However, in October 2004, export revenues were about 19.4% higher than during the same period for the previous year, and expenditures on imports were 14.9% higher a year before. Consequently, the trade deficit was 208 million euro less than in October 2003. This was mainly due to Polandís accession to the EU. Germany specifically, and the EU more generally, remain the most important trade partners. Inflation was low in 2003, around 1.7%, and this was mainly due to successful central bank policy. However, it rose to over 4% in 2004 due to the increase of food prices and indirect taxes that came about during the course of EU accession. Interest rates have been in continuous decline during the last years. Prices increased gradually after EU accession and an increase in fuel prices. These developments now seem to have stabilized.
Ecologically compatible growth is taken into account and Article 5 of the constitution guarantees, in principle, the concept of sustainable development. The institutional framework for sustainability has been established in the course of accession talks and Poland is to implement certain legal standards concerning air and water pollution and waste management. Nevertheless, economic growth remains a top priority and ecological thinking is underdeveloped. State and private institutions for education, training and research and development have improved and education is regarded as a key qualification to compete on the global market. Private institutions in particular have developed extensively. Public expenditure on education (5.4% of GDP) is above the EU average, and expenditure on secondary education has increased significantly during the last few years, while expenditure on research and development (0,7% of GDP 1996-2002) remains below the EU average.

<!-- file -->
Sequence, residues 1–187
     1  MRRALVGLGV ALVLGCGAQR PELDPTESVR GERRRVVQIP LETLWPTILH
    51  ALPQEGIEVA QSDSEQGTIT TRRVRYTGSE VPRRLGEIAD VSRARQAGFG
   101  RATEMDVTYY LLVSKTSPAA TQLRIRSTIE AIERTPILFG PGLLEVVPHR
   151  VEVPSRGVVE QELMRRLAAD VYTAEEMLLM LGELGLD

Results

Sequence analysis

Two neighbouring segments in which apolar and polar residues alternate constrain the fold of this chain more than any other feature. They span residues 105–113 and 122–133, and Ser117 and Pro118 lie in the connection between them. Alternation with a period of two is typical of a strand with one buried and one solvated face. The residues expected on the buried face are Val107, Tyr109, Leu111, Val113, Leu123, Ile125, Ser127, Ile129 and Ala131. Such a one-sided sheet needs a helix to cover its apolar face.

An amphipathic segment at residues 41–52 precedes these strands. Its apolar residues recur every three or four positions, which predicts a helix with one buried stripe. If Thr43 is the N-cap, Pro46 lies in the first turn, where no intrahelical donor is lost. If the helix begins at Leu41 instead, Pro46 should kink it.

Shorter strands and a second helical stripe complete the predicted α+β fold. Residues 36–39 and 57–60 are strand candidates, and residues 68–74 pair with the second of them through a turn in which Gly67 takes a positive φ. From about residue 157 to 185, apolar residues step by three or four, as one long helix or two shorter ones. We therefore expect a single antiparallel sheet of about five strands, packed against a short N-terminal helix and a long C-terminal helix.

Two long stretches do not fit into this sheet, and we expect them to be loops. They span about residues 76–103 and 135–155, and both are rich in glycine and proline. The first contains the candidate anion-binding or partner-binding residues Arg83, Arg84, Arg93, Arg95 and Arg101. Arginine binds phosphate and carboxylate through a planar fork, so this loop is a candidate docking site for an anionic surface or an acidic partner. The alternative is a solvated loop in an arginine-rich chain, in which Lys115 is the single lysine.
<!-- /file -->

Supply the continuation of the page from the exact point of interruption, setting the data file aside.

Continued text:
3.1. Level of difficulty
There are few structural constraints on the government. The following all produce favorable conditions for the government: A high standard of development; a well-educated work force; a well-developed infrastructure, except for some regions in the southeastern regions of Poland; and the state of law and institutional stability. There are shortcomings regarding the effectiveness of the administration and court system.